The renewed interest in organizing, together with the refusal of many employers to recognize the unions their employees wanted, triggered strikes in support of the organizing drives. By August 1933, the situation had become so severe that President Franklin Roosevelt created a National Labor Board (NLB) to bring about compliance with Section 7(a) and to mediate labor disputes.
He made Senator Robert F. Wagner of New York its chairman. Three industry representatives were selected for the NLB by the National Recovery Administration's Industry Advisory Board, and three labor members were picked by the NRA's Labor Advisory Board. In early 1934, President Roosevelt authorized the NLB to conduct union representation elections and handle violations of the NIRA codes.
The NLB, however, lacked any real power. The authority of the National Recovery Administration, which administered the Act, was limited to withdrawing an employer's privilege of displaying the Blue Eagle, emblematic of NLRA participation. By June 1934, when the NLB's authority expired, only four employers had been deprived of the Blue Eagle for violations of Section 7(a). Despite its problems in achieving voluntary compliance with Section 7(a), the NLB managed to settle 1,019 strikes, avert 498 others, and settle 1,800 other types of labor disputes.
Frustrated by the NLB's failure to achieve voluntary compliance with Section 7(a), Senator Wagner introduced a bill in February 1934 to set up a permanent tripartite agency that would mediate labor disputes. The new board would be empowered to conduct representation elections and to prevent "unfair labor practices" by issuing cease-and-desist orders. The bill encouraged collective bargaining and prohibited employers from interfering with the right of employees to organize.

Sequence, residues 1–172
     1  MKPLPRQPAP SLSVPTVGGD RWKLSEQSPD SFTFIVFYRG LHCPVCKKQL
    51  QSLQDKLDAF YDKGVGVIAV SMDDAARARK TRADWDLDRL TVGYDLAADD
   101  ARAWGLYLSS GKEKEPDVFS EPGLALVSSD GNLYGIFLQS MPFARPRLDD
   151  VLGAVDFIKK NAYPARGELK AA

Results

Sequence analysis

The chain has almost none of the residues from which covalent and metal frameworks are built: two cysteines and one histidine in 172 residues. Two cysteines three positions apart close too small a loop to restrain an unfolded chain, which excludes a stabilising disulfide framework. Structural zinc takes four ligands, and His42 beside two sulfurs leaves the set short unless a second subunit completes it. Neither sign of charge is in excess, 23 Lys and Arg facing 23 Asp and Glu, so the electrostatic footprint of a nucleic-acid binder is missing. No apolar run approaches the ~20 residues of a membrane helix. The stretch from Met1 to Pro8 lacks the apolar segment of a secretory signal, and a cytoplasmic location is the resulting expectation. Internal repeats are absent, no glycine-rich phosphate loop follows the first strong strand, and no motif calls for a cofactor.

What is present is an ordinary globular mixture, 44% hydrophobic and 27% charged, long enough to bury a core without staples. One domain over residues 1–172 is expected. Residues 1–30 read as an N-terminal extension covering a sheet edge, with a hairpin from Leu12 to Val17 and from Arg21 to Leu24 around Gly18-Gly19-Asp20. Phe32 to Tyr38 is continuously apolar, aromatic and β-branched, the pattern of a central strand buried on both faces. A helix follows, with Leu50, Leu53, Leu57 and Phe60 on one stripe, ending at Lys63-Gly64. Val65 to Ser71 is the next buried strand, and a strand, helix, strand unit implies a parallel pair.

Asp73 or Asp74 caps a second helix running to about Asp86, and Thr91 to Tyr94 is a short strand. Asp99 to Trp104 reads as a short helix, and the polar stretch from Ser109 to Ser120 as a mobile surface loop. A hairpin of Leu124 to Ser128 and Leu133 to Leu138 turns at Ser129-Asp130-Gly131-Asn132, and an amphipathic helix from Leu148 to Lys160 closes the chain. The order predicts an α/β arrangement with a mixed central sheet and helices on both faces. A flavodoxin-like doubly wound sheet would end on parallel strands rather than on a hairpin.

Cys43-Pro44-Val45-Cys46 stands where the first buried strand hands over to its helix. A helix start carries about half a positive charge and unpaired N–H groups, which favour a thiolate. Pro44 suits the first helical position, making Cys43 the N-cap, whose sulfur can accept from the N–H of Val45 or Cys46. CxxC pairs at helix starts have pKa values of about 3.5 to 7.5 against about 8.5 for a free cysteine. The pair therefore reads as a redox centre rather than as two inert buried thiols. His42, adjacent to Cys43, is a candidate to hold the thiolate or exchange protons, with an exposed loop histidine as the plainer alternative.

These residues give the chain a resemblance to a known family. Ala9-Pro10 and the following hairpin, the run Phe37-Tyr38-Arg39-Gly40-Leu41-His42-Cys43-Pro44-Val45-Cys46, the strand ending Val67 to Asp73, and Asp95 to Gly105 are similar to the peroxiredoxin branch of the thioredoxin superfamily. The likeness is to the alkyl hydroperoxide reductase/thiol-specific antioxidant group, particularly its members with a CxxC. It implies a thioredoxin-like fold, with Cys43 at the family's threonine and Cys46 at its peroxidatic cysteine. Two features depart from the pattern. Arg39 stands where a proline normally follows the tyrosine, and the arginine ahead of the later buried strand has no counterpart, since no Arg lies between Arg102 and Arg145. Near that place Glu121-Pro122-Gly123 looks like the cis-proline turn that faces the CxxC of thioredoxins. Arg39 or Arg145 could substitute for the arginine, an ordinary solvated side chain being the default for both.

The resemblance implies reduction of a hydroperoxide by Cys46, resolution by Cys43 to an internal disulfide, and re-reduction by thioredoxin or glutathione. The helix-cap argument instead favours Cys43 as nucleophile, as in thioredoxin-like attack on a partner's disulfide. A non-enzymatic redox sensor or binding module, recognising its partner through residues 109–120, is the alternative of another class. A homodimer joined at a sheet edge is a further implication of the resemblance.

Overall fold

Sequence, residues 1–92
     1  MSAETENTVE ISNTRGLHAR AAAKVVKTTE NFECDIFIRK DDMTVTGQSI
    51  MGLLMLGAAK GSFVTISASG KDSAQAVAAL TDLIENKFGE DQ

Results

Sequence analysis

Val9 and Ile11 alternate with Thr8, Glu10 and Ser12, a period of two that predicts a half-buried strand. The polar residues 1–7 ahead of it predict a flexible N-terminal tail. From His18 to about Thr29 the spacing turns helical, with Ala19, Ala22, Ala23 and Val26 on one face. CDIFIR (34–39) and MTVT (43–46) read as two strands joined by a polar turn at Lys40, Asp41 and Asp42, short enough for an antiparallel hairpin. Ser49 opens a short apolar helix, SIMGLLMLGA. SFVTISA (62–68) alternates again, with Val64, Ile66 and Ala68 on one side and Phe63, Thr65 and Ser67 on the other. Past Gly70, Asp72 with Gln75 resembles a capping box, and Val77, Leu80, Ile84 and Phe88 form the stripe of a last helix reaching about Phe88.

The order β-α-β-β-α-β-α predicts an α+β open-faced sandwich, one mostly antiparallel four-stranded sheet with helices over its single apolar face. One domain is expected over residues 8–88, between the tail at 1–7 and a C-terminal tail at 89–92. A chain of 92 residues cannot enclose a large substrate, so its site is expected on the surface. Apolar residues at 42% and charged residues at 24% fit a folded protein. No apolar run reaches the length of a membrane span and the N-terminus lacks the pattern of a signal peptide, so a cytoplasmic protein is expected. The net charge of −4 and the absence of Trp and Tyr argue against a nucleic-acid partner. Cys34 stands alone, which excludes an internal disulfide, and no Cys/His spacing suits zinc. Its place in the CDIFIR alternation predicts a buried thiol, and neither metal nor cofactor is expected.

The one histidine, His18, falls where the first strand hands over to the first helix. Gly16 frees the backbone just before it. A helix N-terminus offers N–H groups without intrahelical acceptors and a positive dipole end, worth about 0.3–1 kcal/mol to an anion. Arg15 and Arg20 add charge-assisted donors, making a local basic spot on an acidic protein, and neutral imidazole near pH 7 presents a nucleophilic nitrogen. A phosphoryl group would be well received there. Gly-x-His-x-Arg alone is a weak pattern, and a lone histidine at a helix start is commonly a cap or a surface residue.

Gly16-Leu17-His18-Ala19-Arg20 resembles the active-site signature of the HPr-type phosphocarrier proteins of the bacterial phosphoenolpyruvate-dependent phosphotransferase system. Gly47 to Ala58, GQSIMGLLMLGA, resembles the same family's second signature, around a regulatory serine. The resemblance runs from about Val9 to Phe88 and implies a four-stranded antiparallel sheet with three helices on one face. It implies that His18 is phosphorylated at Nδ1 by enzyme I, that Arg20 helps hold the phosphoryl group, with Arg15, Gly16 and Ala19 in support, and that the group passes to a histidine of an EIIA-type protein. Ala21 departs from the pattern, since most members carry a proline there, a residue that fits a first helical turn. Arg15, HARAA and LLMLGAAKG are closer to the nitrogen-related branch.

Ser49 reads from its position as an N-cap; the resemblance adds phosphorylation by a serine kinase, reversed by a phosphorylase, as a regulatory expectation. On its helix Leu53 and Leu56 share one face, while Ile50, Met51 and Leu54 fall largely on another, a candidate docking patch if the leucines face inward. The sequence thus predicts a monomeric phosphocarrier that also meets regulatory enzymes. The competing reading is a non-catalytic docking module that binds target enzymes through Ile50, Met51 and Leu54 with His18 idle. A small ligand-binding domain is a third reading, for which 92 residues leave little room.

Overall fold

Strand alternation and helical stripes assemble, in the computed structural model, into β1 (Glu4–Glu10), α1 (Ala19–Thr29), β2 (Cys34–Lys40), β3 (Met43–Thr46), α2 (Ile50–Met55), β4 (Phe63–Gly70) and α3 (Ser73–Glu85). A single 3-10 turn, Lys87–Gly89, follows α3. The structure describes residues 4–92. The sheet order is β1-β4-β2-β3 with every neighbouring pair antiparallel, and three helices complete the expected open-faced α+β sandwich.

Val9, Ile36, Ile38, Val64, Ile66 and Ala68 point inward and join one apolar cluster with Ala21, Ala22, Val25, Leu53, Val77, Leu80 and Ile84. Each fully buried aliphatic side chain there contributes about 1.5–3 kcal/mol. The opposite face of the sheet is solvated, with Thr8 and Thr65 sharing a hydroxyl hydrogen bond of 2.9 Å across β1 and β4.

Faced with mounting labor disputes, Congress in 1934 passed joint Public Resolution No. 44, authorizing the President to establish a new board as part of the NIRA. The board, called the National Labor Relations Board, would later be known as the "Old NLRB." Unlike the tripartite NLB, this "Old NLRB" was composed of three public members.
The "Old NLRB" was powerless to enforce Section 7(a), just as the NLB had been, but it was able to achieve compliance from many cooperative employers in the public spirit of the era, which looked to the NIRA to restore the economy to better times. Its decisions also provided a foundation for an emerging national labor policy of collective bargaining.
The voluntary codes of the NIRA collapsed in May 1935, when the Supreme Court ruled that the NIRA was unconstitutional.
Photos (top to bottom): First meeting of the "Old NLRB" in July 1934. From left: Edwin S. Smith, Harry A. Millis, and Chairman Lloyd Garrison;Charles T. Coiner of Philadelphia Pa., displays NRA Eagle, the insignia he created, July 1933.